- Costs: There are costs associated with refinancing a mortgage, including closing costs and potential fees for breaking the existing mortgage contract. It’s important to carefully consider these costs and weigh them against the potential benefits of refinancing before proceeding.
- Other factors to consider: In addition to the factors mentioned above, homeowners should also consider whether they have enough equity in their homes to refinance, and whether their credit scores and financial situations have improved since they obtained their original mortgages. These factors can affect the terms and interest rates that are available when refinancing.
How much of the value of your home can you refinance?
Typically most lenders will allow refinancing up to 80% of a home’s value. This 80% represents the total of all financing secured against the property including lines of credit, whether they are used or not. The existing mortgage, and any secured financing, would need to be paid out from the new mortgage funds. Secured lines of credit would need to also be paid out and closed if refinancing to the full 80%. Get more information on equity and refinancing here.
What does refinancing a mortgage cost?
The cost to refinance a mortgage can vary depending on the situation, but there will be legal fees and possibly an appraisal. Legal fees can be around $1,000 – $1,500 and appraisals cost $300 and up depending on the location and size of the house. If you are not looking for the full 80% of the home’s value, an appraisal can often be automated which reduces the cost. When the amount being refinanced is below 65% of the home’s value an appraisal is sometimes not required. If you are breaking the term of your existing mortgage there will be additional discharge costs and penalties. It is always a good idea to ask your current lender what these costs will be. You don’t have to tell them why you want to know, but try to get the payout amount in writing with a payout date. More detailed refinancing costs are here.
Does refinancing hurt credit?
When you apply for mortgage refinancing, the lender will perform a hard inquiry into your credit. A hard inquiry is a request for information from a lender that may affect your credit score. Hard inquiries are recorded on your credit report and can be seen by other lenders when you apply for credit in the future.
The impact of a hard inquiry on your credit score depends on several factors, including your credit history and credit score. If you have a strong credit history and a good credit score, the impact of a hard inquiry is likely to be minimal. However, if you have a lower credit score or a history of missed payments, the impact of a hard inquiry may be more significant.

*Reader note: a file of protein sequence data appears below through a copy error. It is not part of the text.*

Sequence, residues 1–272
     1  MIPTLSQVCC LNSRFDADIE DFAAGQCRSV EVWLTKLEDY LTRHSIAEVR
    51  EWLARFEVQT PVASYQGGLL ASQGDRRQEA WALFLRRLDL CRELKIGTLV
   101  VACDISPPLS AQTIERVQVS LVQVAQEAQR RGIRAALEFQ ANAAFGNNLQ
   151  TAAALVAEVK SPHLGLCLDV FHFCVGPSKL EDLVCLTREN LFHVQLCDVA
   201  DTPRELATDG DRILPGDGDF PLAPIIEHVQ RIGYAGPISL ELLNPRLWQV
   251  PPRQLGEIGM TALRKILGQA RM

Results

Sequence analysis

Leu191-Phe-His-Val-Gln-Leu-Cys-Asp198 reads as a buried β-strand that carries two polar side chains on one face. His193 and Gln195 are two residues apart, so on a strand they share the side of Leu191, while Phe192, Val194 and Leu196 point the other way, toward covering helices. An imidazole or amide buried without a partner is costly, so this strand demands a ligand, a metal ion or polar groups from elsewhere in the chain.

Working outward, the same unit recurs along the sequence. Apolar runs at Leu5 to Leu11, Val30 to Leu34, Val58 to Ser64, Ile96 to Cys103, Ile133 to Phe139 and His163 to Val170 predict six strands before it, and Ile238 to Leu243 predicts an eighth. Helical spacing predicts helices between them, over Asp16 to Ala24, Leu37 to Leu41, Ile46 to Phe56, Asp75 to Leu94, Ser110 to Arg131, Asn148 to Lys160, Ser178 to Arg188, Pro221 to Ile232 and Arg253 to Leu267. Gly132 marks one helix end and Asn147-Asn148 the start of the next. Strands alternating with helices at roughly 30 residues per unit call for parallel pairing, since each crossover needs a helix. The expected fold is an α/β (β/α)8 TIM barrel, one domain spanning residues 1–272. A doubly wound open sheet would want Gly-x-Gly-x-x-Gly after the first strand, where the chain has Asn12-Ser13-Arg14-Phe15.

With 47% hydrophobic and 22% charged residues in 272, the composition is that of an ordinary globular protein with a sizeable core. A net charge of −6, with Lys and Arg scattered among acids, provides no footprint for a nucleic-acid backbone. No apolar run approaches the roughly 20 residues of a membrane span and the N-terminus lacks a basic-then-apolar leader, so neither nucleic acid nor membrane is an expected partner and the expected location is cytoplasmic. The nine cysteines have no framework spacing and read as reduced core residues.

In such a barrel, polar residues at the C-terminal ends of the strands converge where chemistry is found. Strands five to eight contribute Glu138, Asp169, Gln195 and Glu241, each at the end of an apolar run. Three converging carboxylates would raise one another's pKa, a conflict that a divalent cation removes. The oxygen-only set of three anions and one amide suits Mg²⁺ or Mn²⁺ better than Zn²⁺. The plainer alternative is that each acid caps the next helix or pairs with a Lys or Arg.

In general, the impact of a hard inquiry on your credit score is likely to be temporary. Most credit scores will recover from the impact of a hard inquiry within a few months. However, if you have several hard inquiries in a short period of time, the impact on your credit score may be more significant.
It’s important to keep in mind that refinancing is just one factor that can affect your credit score. Your credit score is determined by a variety of factors, including your payment history, the amount of debt you have, the length of your credit history, and the types of credit you have. Maintaining a good credit score requires consistently making on-time payments and using credit responsibly.
What are the requirements for mortgage refinancing?
The requirements to refinance a mortgage are basically the same as applying for a mortgage to purchase a home, besides the 80% loan-to-value limit. You will have to income qualify, and the house may need an appraisal. There are some lenders who will qualify solely based on the equity you have in your home, but the rates will be higher than if your income qualifies with an “A” lender. Qualifying based on equity is not a good long-term plan as the interest costs are higher, but if you are just needing some money to fix and sell the property, it can be a viable solution.
What are mortgage refinancing rates?
Mortgage refinancing rates are slightly higher than the insured purchase rates you may see advertised. Since refinances are not insurable, the lender has to take on more risk, which is reflected in the interest rate being charged. A sample rate at the time of writing was 0.5% higher than an insured/insurable purchase rate.